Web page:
E.) TPS voltage exceeds 3.7 volts with the throttle closed. This will shut off the injectors, since the computer uses this strategy to clear a flooded engine. Use a DVM, a pair of safety pins, and probe the black/white and green wires to measure the TPS voltage.
    On a 94-95 Mustang, probe the black/white and grey/white wires to measure the TPS voltage.
    It should be .5-.1.0 volts with the key on, engine not running. Note that if the black/white wire (signal ground) has a bad connection, you will get some strange readings. Make a second measurement using the battery post as the ground to eliminate any ground problems. If the readings are different by more than 5%, you may have a high resistance condition in the black/white signal ground circuit.

    6.) Spark & fuel pressure OK.
    A.) Failed IAB or improperly set base idle (no airflow to start engine). Press the throttle ¼ way down and try to start the car. See the "Surging Idle Checklist for help with all your idle/stall problems.
    B.) Failed computer (not very likely)
    C.) Engine ignition or cam timing off: only likely if the engine has been worked on recently. If you removed the distributor, there is a good probability that you installed it 180 degrees out of time.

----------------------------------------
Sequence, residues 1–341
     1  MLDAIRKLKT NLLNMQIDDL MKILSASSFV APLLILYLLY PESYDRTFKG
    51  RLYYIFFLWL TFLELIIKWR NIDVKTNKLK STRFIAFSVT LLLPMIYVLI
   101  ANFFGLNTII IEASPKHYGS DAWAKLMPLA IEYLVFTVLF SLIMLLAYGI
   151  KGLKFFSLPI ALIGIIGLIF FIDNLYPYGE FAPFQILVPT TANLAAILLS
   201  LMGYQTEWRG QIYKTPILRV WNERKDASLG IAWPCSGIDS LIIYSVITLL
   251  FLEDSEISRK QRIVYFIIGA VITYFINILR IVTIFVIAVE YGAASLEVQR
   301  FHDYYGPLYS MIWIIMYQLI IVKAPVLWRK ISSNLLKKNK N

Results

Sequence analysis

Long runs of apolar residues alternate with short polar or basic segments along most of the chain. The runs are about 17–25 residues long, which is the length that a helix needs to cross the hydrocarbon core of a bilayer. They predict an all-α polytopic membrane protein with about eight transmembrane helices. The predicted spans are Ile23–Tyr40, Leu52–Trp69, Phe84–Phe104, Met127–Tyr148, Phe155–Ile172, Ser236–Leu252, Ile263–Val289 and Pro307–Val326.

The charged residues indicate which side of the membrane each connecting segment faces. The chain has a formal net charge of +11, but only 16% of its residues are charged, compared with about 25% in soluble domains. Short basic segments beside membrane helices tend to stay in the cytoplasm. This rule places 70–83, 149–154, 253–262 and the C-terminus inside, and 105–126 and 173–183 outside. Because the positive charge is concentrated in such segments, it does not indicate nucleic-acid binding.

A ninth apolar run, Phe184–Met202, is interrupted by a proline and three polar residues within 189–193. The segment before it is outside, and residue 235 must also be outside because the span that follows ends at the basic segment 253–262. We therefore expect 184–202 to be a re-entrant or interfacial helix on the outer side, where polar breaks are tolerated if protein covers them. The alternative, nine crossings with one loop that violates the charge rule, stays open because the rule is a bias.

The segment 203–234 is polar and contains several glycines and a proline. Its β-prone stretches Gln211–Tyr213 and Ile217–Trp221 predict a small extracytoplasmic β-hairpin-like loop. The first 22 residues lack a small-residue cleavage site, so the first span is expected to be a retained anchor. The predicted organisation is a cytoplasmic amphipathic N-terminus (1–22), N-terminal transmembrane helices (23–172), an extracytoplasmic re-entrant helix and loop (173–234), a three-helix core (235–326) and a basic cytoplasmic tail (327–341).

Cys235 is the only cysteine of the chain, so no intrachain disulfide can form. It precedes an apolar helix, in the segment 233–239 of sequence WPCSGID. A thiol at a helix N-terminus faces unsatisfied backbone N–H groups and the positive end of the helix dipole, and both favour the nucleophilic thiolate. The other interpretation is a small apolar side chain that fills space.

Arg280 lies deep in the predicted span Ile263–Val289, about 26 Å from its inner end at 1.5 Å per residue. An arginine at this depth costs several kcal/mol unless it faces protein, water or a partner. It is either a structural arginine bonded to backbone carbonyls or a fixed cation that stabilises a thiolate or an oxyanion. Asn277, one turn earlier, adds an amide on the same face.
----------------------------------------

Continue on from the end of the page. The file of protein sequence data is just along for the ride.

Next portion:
D.) Firing order off: HO & 351 use a different firing order from the non HO engines.
    HO & 351W 1-3-7-2-6-5-4-8
    Non HO 1-5-4-2-6-3-7-8
    E.) No start when hot - Press the throttle to the floor & try starting it if you get this far. If it starts, replace the ECT.
    F. ) Engine that has had the heads off or valves adjusted. Do a compression test to make sure the valves are not adjusted too tight. You should have a minimum of 90 PSI on a cold engine.
     
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  4. 15reidna

    15reidna New Member

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    Just read on another site that if a fusable link is blown then the engine will not have spark and the fuel pump won't prime. Could that be it?
     
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  5. 15reidna

    15reidna New Member

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    I just bipassed all of the fusable links and it still does nothing. No fuel pump priming and no spark. So my next quesion is about the fuel pump relay. What exactly does that effect when not working properly? Also will bipassing the links with wire do anything or do I need to buy 4 new fusable links? Thanks for the replys!
     
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  6. 88LX5.Oh

    88LX5.Oh Advanced Member

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    What you need to do is follow JR's checklist.
     
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  7. jrichker

    jrichker StangNet's favorite TOOL
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    There are people that successfully fix problems and people who throw parts, time and money at problems.